It wouldn't matter what we write here at The Switch if no one read it. That's why we like to take a little time each weekend to feature some of our favorite comments from our dear readers.
Facebook users with an appreciation for schadenfreude got a kick out of this story from Caitlin Dewey: An unemployed Palestinian developer named Khalil Shreateh exploited a bug to leave a public comment on Facebook CEO Mark Zuckerberg’s wall after the security team failed to get back to him several times. But since he went such an unorthodox route, Facebook announced it wouldn't be paying him for finding the bug.
User Lolo31 wrote a very proper note to Zuckerberg explaining why he feels Facebook should pay the bounty to Shreateh:
Dear Mr. Zuckerberg:
I'd be lying if I said that I didn't initially laugh at the fact that your Facebook account had been hacked. Forgive me. That being said, I can likewise appreciate your horror upon seeing that your own account had been breached.
While I understand that there are "rules" associated with "white hat" hacking, Khalil Shreateh repeatedly attempted to "red flag" a known "bug" and was summarily dismissed by one (or more) of YOUR OWN employees. Admittedly, the method by which Shreateh chose to bring the 'bug' to your intention was an unorthodox one. However, I do believe that he did so in good faith.
It was not Shreateh's intention to invade your privacy, but to communicate to you directly what he had otherwise been unable to get across to YOUR EMPLOYEES. After numerous failed attempts to go through proper channels, he likely saw no other way to bring the matter to your attention.
You'd be wise to recognize that he likewise acted to secure the interests of your $100 BILLION business. It's not every day that a complete stranger from the opposite side of the world hurdles a language barrier to accomplish the same.
I wrote Thursday about how President Obama promised a panel of "outside experts" to review surveillance policies, only to name White House and intelligence insiders. Reader The Keed noted some details about one member of the panel that didn't make it into our initial coverage:
You left out relevant details re: Cass Sunstein. Glenn Greenwald wrote about it at Salon.com awhile back:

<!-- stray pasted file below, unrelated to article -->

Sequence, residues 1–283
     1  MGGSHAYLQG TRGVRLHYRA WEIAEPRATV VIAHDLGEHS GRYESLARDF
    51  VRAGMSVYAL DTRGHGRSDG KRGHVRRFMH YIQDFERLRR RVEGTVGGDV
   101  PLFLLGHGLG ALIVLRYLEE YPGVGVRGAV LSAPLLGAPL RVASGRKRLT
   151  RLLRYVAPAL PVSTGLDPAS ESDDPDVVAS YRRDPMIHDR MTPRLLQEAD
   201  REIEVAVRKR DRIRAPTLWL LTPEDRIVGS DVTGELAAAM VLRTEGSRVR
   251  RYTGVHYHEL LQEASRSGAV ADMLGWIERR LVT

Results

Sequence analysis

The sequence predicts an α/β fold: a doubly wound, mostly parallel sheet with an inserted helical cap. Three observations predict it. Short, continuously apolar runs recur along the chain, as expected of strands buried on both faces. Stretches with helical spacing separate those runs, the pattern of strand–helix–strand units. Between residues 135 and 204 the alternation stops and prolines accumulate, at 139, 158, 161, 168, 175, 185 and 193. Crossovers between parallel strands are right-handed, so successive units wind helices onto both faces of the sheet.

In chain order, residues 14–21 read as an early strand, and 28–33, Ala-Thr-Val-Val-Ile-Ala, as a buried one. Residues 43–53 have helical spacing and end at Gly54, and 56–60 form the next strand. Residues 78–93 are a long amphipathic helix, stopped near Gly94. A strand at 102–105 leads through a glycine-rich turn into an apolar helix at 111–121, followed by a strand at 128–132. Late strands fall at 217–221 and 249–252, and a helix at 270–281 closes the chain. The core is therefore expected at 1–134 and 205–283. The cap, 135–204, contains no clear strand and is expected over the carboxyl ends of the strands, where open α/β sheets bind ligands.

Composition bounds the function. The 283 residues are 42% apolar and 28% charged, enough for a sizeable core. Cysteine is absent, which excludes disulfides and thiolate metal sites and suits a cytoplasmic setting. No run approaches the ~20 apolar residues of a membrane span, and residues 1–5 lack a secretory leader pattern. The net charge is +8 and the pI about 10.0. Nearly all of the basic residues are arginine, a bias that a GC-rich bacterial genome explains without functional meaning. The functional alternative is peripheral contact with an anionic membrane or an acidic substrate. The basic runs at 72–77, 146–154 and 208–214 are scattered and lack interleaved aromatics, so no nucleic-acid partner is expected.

"In 2008, while at Harvard Law School, Sunstein co-wrote a truly pernicious paper proposing that the U.S. Government employ teams of covert agents and pseudo-"independent" advocates to "cognitively infiltrate" online groups and websites - as well as other activist groups - which advocate views that Sunstein deems "false conspiracy theories" about the Government. This would be designed to increase citizens' faith in government officials and undermine the credibility of conspiracists. The paper's abstract can be read, and the full paper downloaded, here."
I followed up on that paper in a full post Friday.
When Timothy B. Lee wrote about the reports that the NSA could reach 75 percent of domestic Internet traffic last Tuesday, reader TFCFM argued that there was a simple solution: "Don't use the Internet to break the law." But commenter vulgrin1 responded:
That's great advice until someone changes the law and you are swept up on suspicion. Or, someone decides to use that information to pressure, abuse, or demonize you.
The point is that NSA et al need to be going after real targets, not dragging a net over the entire Internet. Just because you can't SEE them do it, does not make it any less real.
Let me ask this: should the police be able to walk into EVERY SINGLE HOUSE and rifle through all your papers every single day, at their leisure, in hopes of finding out that you received mail from someone else who might be a terrorist? Or in the case of PRISM, a friend of a friend of a friend of a friend who is a terrorist?
What you are saying is "Sure they can. Just don't know any terrorists."